Ocado forecasts weaker sales as shoppers seek more budget items


Ocado forecasts weaker sales as cost of living crisis sees shoppers opt for budget items and smaller orders

  • Average basket sizes fell by 6% to £116 during the 13 weeks ending 28 August
  • Ocado still managed to boost its Q3 retail revenues by 2.7% to £531.5million
  • Due to accelerating energy costs, Ocado is seeking alternatives to dry ice 

Ocado Retail sales are set to fall this year as Britons’ grocery shopping demand shifts to more value-for-money items and smaller orders.  

The online retailer said surging energy costs and other inflationary pressures had led to more customers ordering smaller basket sizes and cheaper products, including from its own-label range.

Transactions averaged £116 during the 13 weeks ending 28 August, a 6 per cent drop on the equivalent period in 2021, with a particularly noteworthy slump seen towards the end of the quarter.

The online retailer said that surging energy costs and other accelerating inflationary pressures had led to more customers ordering smaller quantities and cheaper products

Thanks to the large increase in customer transactions and price hikes, the company’s retail division, a joint venture with Marks & Spencer, still managed to boost its revenues by 2.7 per cent to £531.5million.

But while Ocado predicts ‘even stronger growth’ in demand in the fourth quarter, it believes this will not be enough to stop full-year revenues from declining.

It further anticipates earnings will be impacted by significant cost headwinds, with electricity prices more than three times higher than last year and fuel up 15 per cent.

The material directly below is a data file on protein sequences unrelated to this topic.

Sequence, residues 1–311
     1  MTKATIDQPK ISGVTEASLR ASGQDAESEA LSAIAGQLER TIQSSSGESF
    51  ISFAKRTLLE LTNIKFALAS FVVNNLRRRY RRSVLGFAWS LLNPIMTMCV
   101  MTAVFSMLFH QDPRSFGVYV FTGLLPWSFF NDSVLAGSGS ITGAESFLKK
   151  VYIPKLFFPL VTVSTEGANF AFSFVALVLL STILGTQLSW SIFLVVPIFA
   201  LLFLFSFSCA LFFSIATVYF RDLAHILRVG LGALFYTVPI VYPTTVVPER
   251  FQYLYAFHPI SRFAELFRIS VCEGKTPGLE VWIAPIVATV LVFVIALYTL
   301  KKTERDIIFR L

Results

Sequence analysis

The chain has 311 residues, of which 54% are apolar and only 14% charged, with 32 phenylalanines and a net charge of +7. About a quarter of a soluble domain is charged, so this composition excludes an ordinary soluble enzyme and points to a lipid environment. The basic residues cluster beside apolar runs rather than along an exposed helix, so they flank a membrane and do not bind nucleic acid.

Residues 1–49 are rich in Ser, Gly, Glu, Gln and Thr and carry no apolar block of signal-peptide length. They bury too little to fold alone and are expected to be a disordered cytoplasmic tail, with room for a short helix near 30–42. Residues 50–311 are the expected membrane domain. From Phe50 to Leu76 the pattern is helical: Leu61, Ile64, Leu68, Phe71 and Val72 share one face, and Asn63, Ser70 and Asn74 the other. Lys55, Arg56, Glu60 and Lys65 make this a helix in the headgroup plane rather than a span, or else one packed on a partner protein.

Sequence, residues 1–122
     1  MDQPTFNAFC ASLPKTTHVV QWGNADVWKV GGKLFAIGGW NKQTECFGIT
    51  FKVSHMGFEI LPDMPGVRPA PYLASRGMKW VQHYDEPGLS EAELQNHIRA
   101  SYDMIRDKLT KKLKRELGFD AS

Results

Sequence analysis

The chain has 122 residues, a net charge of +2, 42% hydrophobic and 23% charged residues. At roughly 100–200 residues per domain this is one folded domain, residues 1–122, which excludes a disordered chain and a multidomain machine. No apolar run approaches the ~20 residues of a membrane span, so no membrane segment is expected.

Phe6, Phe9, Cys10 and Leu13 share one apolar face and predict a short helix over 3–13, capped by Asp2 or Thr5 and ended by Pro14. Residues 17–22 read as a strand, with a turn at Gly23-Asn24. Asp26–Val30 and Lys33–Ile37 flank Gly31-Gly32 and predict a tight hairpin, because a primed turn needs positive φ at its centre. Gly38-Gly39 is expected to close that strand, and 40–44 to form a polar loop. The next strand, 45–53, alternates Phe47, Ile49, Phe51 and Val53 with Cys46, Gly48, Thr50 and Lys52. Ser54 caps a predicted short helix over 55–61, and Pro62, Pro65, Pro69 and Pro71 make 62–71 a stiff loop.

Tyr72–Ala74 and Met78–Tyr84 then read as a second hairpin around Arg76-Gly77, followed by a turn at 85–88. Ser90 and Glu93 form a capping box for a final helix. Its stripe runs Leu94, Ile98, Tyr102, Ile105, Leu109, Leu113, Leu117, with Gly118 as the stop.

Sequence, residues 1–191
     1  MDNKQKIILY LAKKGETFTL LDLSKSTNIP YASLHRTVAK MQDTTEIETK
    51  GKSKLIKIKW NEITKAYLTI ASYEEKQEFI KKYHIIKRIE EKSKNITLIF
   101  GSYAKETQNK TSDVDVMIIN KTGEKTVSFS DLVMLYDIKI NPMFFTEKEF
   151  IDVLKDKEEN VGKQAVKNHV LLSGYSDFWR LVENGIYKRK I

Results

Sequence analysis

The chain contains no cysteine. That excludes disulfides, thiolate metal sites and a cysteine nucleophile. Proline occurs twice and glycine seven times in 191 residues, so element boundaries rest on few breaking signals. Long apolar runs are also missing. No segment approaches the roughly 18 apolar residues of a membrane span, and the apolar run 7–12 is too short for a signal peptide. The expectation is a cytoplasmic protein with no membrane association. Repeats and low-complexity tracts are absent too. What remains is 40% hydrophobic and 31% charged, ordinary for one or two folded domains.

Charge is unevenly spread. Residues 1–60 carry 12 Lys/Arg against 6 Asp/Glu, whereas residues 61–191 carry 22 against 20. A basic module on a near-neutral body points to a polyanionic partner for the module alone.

Due to soaring energy prices, the Hatfield-based firm is also seeking alternatives to dry ice, commonly used to chill frozen food, which it expects will add an extra £15million to £20million in annualised costs.

Chief executive Tim Steiner said: ‘We remain focused on providing Ocado Retail customers with the best possible value to help them navigate the cost-of-living crisis, and are encouraged by the positive underlying trends in the business.’ 

Ocado Group shares plunged 10.7 per cent to £7.10 in early trading following today’s trading update, making it the biggest faller on the FTSE 350 Index.

In the past 12 months, their value has dropped by around 58 per cent, having more than doubled during the first year of the pandemic when lockdown restrictions encouraged more people to grocery shop online.

Trade has slowed as Britons have returned to high street stores, but the firm nonetheless attracted a record 946,000 customers in the third quarter, which helped drive an average of 374,000 orders per week.

To satisfy the growth in demand, Ocado has opened four customer fulfilment centres since the start of 2021, giving it a total capacity of up to 600,000 weekly orders, as well as a ‘Zoom facility’ in London’s Canning Town district.

The latter site is part of the group’s recently-launched ‘Zoom by Ocado’ delivery service, whereby customers in certain parts of the English capital can receive up to 10,000 products within one hour of ordering.

Another one of these warehouses just opened in Leyton, East London, while a further two are planned to open in the coming six months across other UK cities. 



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